Baptist, even though I’m loath to eat
locusts. When the middle finger
pops out, my hand can stand
in for scissors until the
third finger is made
to measure how
much Scotch is
to fill the
glass in
my hand.

Dystopia Times Two

I am currently in the midst of two dystopian TV series: The Walking Dead (TWD) and The Handmaid’s Tale (THT). Both are located in a future setting, where life as we know it is but a distant memory, and the future exists as a thin hope oscillating between obliteration and being at the threshold of the shades. I am rather far into TWD, and have just started the screen rendition of Atwood’s tale. Both are utterly fascinating, not only for their differences, but their similarities.

Both deal with a contagion: in the TWD it is a death that will not die; and in THT it is the inability in to give birth. Other comparisons are apt. TWD is punctuated with violence. There is violence in THT, but it is measured, and horrific in its calculation. While watching TWD, you can anticipate a zombie around every corner, every crook, every shadow – surprising, but not. In THT, violence is really more insidious, terrifying in its being cloaked in the guise of religion, and the supposed good. In THT, women are at the very centre of the plot, inviting the viewer to think about how women have been, and are marginalized and given a tightly scripted role in the narrative of life. I shut off the television, and breathe a sigh of relief knowing that my daughters do not have to live in that world, but then I remember that the real world that they live in is rife with patriarchy and parochialism, and I know that the gains that have been made for women are ever at risk of being eroded. The women in the TWD are profoundly strong – but differently. They slaughter zombies and enemies with the same ferocity as the men and are found to be leaders of some communities. Women in THT are ever needing to make their way by speaking two languages, as it were: that of patriarchy and that of the circles in which they move at a level invisible to men.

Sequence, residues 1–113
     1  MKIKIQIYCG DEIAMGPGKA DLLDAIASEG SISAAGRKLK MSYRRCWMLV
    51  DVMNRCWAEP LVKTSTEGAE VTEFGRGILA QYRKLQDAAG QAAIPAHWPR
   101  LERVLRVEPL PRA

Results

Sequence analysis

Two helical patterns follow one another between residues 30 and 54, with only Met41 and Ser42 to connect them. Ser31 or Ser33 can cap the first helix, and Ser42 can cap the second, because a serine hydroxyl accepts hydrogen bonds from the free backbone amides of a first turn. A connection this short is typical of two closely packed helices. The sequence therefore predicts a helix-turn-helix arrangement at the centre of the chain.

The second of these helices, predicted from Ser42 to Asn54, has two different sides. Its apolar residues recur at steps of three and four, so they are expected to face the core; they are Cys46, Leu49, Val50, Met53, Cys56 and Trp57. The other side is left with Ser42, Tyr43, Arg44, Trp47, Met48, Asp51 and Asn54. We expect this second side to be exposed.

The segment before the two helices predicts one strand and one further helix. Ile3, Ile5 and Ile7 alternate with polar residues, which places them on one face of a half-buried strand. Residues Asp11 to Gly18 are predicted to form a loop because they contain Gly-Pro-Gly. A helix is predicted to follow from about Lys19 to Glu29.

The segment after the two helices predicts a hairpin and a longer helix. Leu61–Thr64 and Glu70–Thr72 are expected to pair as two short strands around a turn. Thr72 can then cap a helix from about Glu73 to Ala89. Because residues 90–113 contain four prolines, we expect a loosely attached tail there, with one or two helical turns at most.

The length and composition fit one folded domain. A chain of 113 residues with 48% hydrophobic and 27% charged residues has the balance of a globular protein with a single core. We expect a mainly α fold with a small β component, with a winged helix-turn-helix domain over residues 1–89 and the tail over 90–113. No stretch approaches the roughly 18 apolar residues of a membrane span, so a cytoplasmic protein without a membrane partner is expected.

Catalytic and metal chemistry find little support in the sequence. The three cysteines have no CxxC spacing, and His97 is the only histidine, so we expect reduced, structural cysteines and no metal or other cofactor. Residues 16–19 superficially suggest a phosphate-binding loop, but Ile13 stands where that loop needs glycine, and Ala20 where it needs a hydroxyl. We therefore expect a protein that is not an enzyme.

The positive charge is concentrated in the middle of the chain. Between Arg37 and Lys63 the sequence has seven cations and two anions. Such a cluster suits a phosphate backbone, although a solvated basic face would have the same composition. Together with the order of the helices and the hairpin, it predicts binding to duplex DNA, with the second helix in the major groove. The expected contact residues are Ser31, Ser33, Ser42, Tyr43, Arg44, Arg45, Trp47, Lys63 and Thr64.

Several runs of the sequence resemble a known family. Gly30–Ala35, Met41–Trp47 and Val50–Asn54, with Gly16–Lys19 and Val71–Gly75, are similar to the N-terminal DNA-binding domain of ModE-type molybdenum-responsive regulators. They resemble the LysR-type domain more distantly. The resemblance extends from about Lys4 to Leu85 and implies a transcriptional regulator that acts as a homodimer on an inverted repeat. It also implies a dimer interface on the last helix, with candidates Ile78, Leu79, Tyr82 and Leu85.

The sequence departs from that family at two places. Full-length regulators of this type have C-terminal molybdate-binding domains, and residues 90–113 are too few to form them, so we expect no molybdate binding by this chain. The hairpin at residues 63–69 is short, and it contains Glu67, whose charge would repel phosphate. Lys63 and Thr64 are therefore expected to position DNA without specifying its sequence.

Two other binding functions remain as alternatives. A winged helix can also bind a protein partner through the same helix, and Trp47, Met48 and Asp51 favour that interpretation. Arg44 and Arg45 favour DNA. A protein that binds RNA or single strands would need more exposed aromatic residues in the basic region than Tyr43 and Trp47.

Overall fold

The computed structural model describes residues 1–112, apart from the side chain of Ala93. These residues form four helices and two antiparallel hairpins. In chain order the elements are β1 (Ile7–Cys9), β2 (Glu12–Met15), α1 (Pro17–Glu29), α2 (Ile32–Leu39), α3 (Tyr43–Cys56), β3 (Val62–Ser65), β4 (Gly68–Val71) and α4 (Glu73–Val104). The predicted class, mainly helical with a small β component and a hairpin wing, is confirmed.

Religion plays a big role in each: in the TWD there are believers who struggle with their faith, and admittedly agnostic characters who have a kind of tenacity that seems super-human. Religion in THT is the antagonist it seems (at this point), with images of ruined mainline churches setting the backdrop against which a state-sponsored dystopian religion reigns, supporting the patriarchy, which quotes scripture in support of the rape of handmaids, and the torture of deviants.

I am finding it so very informative to watch these two shows together. Both of them serve as a kind of lens for looking at the present. In TWD a kind of oscillation of utter chaos and brief but tenuous calm advances the plotline. I am too early into THT to weigh in on this, but I can say that its use of flashbacks is haunting, since they take me to my present time – and my own geography since much of THT is shot in Cambridge and Toronto, both close to where I live. Both series are externally supported by the regular and disorienting clips concerning climate change in my various news feeds. Of course, these dystopian tales have their provenance in apocalyptic literature – found in the bible and elsewhere. In the bible, this genre serves to tell those in utter chaos that God will bring about a just end. The hand of God is not so clear in these dystopian tales.

Both, in their own way, raise important theological queries: from the THT, I am constantly invited to ponder how religion can be a tool for hegemonic purposes. In TWD, religion takes on such a chameleon character – now seen in a tenuous hold on faith, now seen in people who betray their religion for survival, and now seen in hard existential questions about the purpose of life – played against an apocalyptic back drop that here and there peppers the viewer with biblical phrases. If I was a pastor who preached regularly, I would be watching both shows with a note pad at hand. As it is, I am ever watching, wondering how these fundamental questions of life, caught on screen might inform my classrooms, my church, my world.